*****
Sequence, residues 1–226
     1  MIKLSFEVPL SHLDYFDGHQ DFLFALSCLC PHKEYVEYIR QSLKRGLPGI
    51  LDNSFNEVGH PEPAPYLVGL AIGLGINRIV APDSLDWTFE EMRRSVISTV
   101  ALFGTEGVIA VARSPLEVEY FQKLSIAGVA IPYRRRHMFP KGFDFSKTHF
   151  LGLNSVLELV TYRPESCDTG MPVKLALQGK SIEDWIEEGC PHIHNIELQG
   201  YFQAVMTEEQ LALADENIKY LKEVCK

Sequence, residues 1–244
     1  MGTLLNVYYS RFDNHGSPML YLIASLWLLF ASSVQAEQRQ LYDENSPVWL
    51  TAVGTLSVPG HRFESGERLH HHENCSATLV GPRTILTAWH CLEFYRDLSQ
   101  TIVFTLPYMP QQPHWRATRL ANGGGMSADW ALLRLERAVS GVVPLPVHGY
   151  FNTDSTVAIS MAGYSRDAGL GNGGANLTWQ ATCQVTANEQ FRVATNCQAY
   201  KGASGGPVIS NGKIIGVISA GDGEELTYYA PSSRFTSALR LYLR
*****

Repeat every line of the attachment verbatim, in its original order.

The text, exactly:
Sequence, residues 1–226
     1  MIKLSFEVPL SHLDYFDGHQ DFLFALSCLC PHKEYVEYIR QSLKRGLPGI
    51  LDNSFNEVGH PEPAPYLVGL AIGLGINRIV APDSLDWTFE EMRRSVISTV
   101  ALFGTEGVIA VARSPLEVEY FQKLSIAGVA IPYRRRHMFP KGFDFSKTHF
   151  LGLNSVLELV TYRPESCDTG MPVKLALQGK SIEDWIEEGC PHIHNIELQG
   201  YFQAVMTEEQ LALADENIKY LKEVCK

Sequence, residues 1–244
     1  MGTLLNVYYS RFDNHGSPML YLIASLWLLF ASSVQAEQRQ LYDENSPVWL
    51  TAVGTLSVPG HRFESGERLH HHENCSATLV GPRTILTAWH CLEFYRDLSQ
   101  TIVFTLPYMP QQPHWRATRL ANGGGMSADW ALLRLERAVS GVVPLPVHGY
   151  FNTDSTVAIS MAGYSRDAGL GNGGANLTWQ ATCQVTANEQ FRVATNCQAY
   201  KGASGGPVIS NGKIIGVISA GDGEELTYYA PSSRFTSALR LYLR